Remember that your skin during pregnancy may be more sensitive than usual.  Find a beauty therapist who has experience, knows the products well, and ensures that they are safe for your pregnancy.  Avoid salicylic acid or other high strength chemical peels – even in home use products. Less than 2% salicylic may be ok but ask your doctor. A mild lactic acid



Sunbeds: AVOID (pregnant or not)

In pregnancy, sunbeds can increase core body temperature and UV rays break down folic acid.  Otherwise, the increased risk of skin cancer is predominantly to the mother.


Fake tans: CAUTION

Fake tans are safer alternatives to hours in the sun or sunbeds.  The active ingredient in spray self-tanners is DHA (Dihydroxyacetone).  It has a local effect on the skin which produces the pigmented tan.  There are minimal amounts that are absorbed into your system, therefore it can be used in pregnancy (concentrations of 1% – 15%).  Remember that changes in hormone levels during pregnancy can make a difference in the colour achieved so make sure to do a test area of skin first.  The test patch of skin can also be used to determine if you are allergic to the product if you never used it before.  Also, if you are using a spray tan, that you spray in a well-ventilated area and avoid inhaling as the effects are not known.


Tanning pills: NEVER

Tanning pills are illegal in the UK and are never recommended, pregnant or not. They tend to be made of beta-carotene or canthaxanthin, which can affect to an unborn baby. Other side effects may include inflammation to the liver and damage to the eye (retina).


Hydroquinone Skin Lightening Creams: NEVER

Hydroquinone is used medically to treat pigmented conditions such as chloasma, otherwise known as melasma, the ‘pregnancy mask’ as it’s sometimes known.  It also is for cosmetic purposes to lighten skin. Approximately 35% to 45% is absorbed systemically after applying it to the skin.  Until more evidence on the safety of hydroquinone in pregnancy is established, it is recommended to avoid using it due to its high absorption rate. One study found other ingredients in skin lightening products were associated with skin irritation and exacerbation of conditions such as eczema and dermatitis and acne.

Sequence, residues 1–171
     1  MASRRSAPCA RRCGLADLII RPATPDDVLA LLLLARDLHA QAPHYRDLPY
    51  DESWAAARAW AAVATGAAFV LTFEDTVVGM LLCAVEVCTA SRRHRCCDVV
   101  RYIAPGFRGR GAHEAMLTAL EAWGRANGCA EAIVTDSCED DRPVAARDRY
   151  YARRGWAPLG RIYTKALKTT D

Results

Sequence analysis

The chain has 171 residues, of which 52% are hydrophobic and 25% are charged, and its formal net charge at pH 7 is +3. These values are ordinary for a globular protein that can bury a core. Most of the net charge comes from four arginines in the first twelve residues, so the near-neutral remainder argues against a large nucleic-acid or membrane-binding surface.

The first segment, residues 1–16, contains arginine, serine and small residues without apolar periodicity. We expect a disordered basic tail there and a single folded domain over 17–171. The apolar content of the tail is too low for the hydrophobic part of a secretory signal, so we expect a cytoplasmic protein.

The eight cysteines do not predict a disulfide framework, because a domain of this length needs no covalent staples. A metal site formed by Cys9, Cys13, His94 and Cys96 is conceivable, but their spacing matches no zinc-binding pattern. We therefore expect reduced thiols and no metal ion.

Temporary Tattoos: CAUTION

Henna is a natural plant-derived pigment which can stay on the skin temporarily.  Although it is possible to have an allergic reaction to henna, it is more common to have a reaction to added chemicals.  It is important to know the ingredients, which is not always possible.


Black henna: PPD, para-phenylenediamine?  NEVER

The director general of the Cosmetic, Toiletry and Perfumery Association, explained: “PPD is safely and legally used in permanent hair dyes where clear instructions are given, and where the maximum level is controlled by law. But black henna often contains PPD at high levels, to give a dark colour quickly.  “When applied to the skin in the form of a black henna temporary tattoo, PPD can cause chemical burns and lead to allergic reactions.”


Tattoos and piercings? CAUTION

Either may become an issue or cause complications such as infections or allergic reactions. Additionally, with the changes that occur with the body often the tattoo may look remarkably different after the delivery.  Also, piercings of the nipples, navel, and genitalia may change in location after giving birth.  Nipple piercings need to be removed during breastfeeding as they can make it difficult for the baby to feed.



Pregnancy can be wonderful experience but the beauty treatments you choose need to be safe for you and your baby.  For the products that do not have enough evidence or data, avoid using them to err on the side of caution.  If in doubt, ask your dermatologist, obstetrician, paediatrician, midwife or GP.

And when it comes to breastfeeding, a safe rule is if you did not take a medication or do a beauty treatment due to safety concerns while pregnant, avoid it while breastfeeding.  For the most part, if a medication is safe during pregnancy, it should be safe during lactation but always check with a medical professional.

For further patient information in pregnancy and breastfeeding from The British Association of Dermatologists (BAD):